The ability to make inferences about hidden causal mechanisms underpins scientific and religious thought. It also facilitates the understanding of social interactions and the production of sophisticated tool-using behaviors. However, although animals can reason about the outcomes of accidental interventions, only humans have been shown to make inferences about hidden causal mechanisms. Here, we show that tool-making New Caledonian crows react differently to an observable event when it is caused by a hidden causal agent. Eight crows watched two series of events in which a stick moved. In the first set of events, the crows observed a human enter a hide, a stick move, and the human then leave the hide. In the second, the stick moved without a human entering or exiting the hide. The crows inspected the hide and abandoned probing with a tool for food more often after the second, unexplained series of events. This difference shows that the crows can reason about a hidden causal agent. Comparative studies with the methodology outlined here could aid in elucidating the selective pressures that led to the evolution of this cognitive ability.

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baudrunner
2.3 / 5 (3) Sep 18, 2012
Crows are a lot smarter than that. It seems that researchers are trying to pull intelligent behavior from creatures they assume are not intelligent. That's like talking baby-talk ("goo-goo gaa-gaa") to a baby. Why not just speak English to them? They are people after all. Same with crows. Assume that they know what you expect of them and you will get results. Don't waste time, you'll just confuse them.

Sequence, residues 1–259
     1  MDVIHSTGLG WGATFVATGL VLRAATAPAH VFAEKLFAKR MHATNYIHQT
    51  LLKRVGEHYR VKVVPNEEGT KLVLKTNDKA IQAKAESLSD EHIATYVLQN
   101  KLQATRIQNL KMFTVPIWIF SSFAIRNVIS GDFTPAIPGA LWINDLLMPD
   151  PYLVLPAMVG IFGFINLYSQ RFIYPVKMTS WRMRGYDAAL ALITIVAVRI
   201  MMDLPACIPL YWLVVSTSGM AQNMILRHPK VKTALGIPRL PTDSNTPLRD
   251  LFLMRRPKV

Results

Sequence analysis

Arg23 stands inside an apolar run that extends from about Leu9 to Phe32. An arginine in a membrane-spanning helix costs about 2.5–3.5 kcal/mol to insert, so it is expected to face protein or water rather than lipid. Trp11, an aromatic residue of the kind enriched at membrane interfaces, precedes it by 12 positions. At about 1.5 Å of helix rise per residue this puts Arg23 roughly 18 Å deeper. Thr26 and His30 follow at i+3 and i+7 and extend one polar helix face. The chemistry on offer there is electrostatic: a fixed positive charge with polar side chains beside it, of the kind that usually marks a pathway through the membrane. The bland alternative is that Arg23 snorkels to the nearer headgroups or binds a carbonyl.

ScooterG
3.1 / 5 (7) Sep 18, 2012
Crows are the epitome of coolness.
Jonseer
2.5 / 5 (2) Sep 19, 2012
The only reason this is such a surprise to them is they obviously haven't had any contact with birds on a personal level.

Recently I learned about Seramas, a dwarf breed of chicken.

Soon after I had an opportunity to get one, a rooster who now fully grown weighs about 1 lb, about 1/10 to 1/20th of the normal sized rooster. I can hold him in one hand.

I have been quite surprised by how profoundly intelligent he is.

Prior to having him, I thought of chickens as dumb birds who make funny noises.

My firs surprise was how NOT funny their clucks and sqwaks were.

Instead of being typical bird noises, his chatter has a cadence that mimics the tenor of a situation.

Give him good food,and he sounds like a human talking about a great meal for example.

The cadence of his sounds reflect specific emotions that eerily are appropriate for the situation, like being upset I fed him late LOL

Really they didn't have to got so far to find intelligent birds. They could have gone to a farm.
VendicarD
2 / 5 (1) Sep 19, 2012
If a red light blinks for several seconds, the crows have learned that the food will be unavailable until the green light blinks for several seconds.

From this the researchers conclude that the crows have deduced the hidden malevolent acts of blinking red lights.
baudrunner
1 / 5 (2) Sep 19, 2012
I actually rescued a young crow, not quite fully fledged, a couple of months ago, by picking her up from an office building entrance-way and placing it under some brushes in a raised planter between the building and a townhouse. Its parents were excitedly squawking from the trees close by while I was doing this. I am sure that they continued to look after their young one because I walk all around the downtown area of Vancouver and a certain young crow is often never far from me, and will sit close by when I am on a bench on the seawall or in a park playing my guitar. I have named her Crawley. Crows can establish close relationships with people without the need to reinforce that relationship with reward.